“Birth is life’s central mystery. No one can predict how a birth may manifest…Our dominant culture is anything but ‘natural’ so it is no surprise that childbirth, even with the most natural lifestyle lived by an individual family, sometimes needs intervention and medical assistance. This is not to say that any one mother’s efforts to have a natural childbirth are futile. Just that birth is bigger than one’s personal desires.” –Jeannine Parvati Baker (in The Goddess Celebrates: An Anthology of Women’s Rituals, p. 215)
It’s Labor Day and it is also the start of Empowered Birth Awareness Week! A blog carnival is in full swing at The Guggie Daily and I’ve been having some thoughts about birth as a consumer issue. Very often, it appears to me that responsibility for birth outcomes is placed on the mother—if only she’d “gotten educated” she would have made “better choices.” Many people have a tendency or overlook or minimize the impact of the context in which she makes her choices. In that way, I appreciate Baker’s observation about that birth is bigger than one’s personal desires. That doesn’t mean that we can’t take vital steps to alter the larger culture of birth in which we make our choices, however, and one of those ways is to remember to think about birth as a consumer issue.
Though it may not often seem so, birth is a consumer issue. When speaking about their experiences with labor and birth, it is very common to hear women say, “they won’t let you do that here” (such as regarding active birth–moving during labor). They seem to have forgotten that they are customers receiving a service, hiring a service provider not a “boss.” If you went to a grocery store and were told at the entrance that you couldn’t bring your list in with you, that the expert shopping professional would choose your items for you, would you continue to shop in that store? No! If you hired a plumber to fix your toilet and he refused and said he was just going to work on your shower instead, would you pay him, or hire him to work for you again? No! In birth as in the rest of life, YOU are the expert on your own life. In this case, the expert on your body, your labor, your birth, and your baby. The rest are “paid consultants,” not experts whose opinions, ideas, and preferences override your own.
There are several helpful ways to become an informed birth consumer:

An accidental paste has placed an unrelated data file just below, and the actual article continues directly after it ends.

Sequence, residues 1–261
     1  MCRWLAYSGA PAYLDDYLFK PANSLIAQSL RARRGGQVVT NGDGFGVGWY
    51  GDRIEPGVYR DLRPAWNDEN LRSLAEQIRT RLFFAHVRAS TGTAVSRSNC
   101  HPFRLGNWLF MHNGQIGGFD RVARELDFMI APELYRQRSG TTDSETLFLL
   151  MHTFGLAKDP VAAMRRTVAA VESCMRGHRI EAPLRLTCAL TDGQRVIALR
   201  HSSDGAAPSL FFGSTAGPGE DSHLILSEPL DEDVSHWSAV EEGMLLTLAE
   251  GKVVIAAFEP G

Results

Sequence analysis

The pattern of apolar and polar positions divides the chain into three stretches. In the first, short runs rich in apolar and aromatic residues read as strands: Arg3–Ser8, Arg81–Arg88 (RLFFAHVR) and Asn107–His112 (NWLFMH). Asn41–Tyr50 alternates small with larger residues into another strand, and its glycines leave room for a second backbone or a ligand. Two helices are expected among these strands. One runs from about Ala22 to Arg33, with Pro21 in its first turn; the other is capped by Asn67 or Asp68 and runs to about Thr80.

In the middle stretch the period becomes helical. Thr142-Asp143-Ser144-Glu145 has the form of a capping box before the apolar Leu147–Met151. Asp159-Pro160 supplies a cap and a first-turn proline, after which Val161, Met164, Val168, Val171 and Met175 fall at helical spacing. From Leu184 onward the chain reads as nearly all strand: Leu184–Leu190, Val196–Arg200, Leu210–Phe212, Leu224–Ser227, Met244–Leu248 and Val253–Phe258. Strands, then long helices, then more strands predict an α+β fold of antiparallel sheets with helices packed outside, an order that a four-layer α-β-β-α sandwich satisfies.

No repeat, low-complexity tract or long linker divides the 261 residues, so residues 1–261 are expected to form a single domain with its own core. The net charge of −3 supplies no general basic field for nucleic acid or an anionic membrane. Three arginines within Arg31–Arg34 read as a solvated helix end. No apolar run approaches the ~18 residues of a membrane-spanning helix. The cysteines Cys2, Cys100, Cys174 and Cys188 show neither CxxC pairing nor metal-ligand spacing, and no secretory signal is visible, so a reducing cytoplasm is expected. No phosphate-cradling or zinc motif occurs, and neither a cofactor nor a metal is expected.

- Read great books such as Henci Goer and Amy Romano’s new book Optimal Care in Childbirth or Pushed by Jennifer Block.
- Hire an Independent Childbirth Educator (someone who works independently and is hired by you, not by a hospital). Some organizations that certify childbirth educators are Childbirth and Postpartum Professionals Association (CAPPA), BirthWorks, Birthing From Within, Lamaze, and Childbirth International. Regardless of the certifying organization, it is important to take classes from an independent educator who does not teach in a hospital. (I’m sure there are lots of great educators who work in hospitals, but in order to make sure you are not getting a “co-opted” class that is based on “hospital obedience training” rather than informed choice, an independent educator is a good bet.)
- Consider hiring a doula—a doula is an experienced non-medical labor support provider who offers her continuous emotional and physical presence during your labor and birth. Organizations that train doulas include CAPPA, DONA, and Birth Arts.
- Join birth organizations specifically for consumers such as Citizens for Midwifery or Birth Network National or International Cesarean Awareness Network.
- Check to see if you have a local birth network in your own community or even start your own (I recently co-founded one in my town!)
- Talk to other women in your community. Ask them what they liked about their births and about their care providers. Ask them what they wish had been different. Pay attention to their experiences and how they feel about their births. If they are dissatisfied, scarred, unhappy, and disappointed, don’t do what they did.
- Ask your provider questions. Ask lots of questions. Make sure your philosophies align. If it isn’t a match, switch care providers. This is not the time for misplaced loyalty. Your baby will only be born once, don’t dismiss concerns your may have over the care you receive or decide that you can make different choices “next time.”
- Find a care provider that supports Lamaze’s Six Healthy Birth Practices and is willing to speak with you seriously about them:
- Let labor begin on its own
- Walk, move around and change positions throughout labor
- Bring a loved one, friend or doula for continuous support
- Avoid interventions that are not medically necessary
- Avoid giving birth on your back and follow your body’s urges to push
- Keep mother and baby together – It’s best for mother, baby and breastfeeding
These care practices are evidence-based and form an excellent backbone for a solid, mother and baby friendly birth plan.
Why “evidence-based care” though?
Because maternity care that is based on research and evidence for best practice is not just a nice idea or a bonus. It isn’t just about having a “good birth.” Evidence-based care is what mothers and babies deserve and what all birthing mothers should be able to expect! Here is a great summary of pregnancy and birthing practices that the evidence backs up:
Remember that birth is YOURS—it is not the exclusive territory of the doctor, the hospital, the nurse, the midwife, the doula, or the childbirth educator. These people are all paid consultants—hired by you to help you (and what helps you, helps your baby!).
“As long as birth- metaphorically or literally-remains an experience of passively handing over our minds and our bodies to male authority and technology, other kinds of social change can only minimally change our relationship to ourselves, to power, and to the world outside our bodies” – Adrienne Rich (Of Woman Born p185)
This post is updated from a previous edition.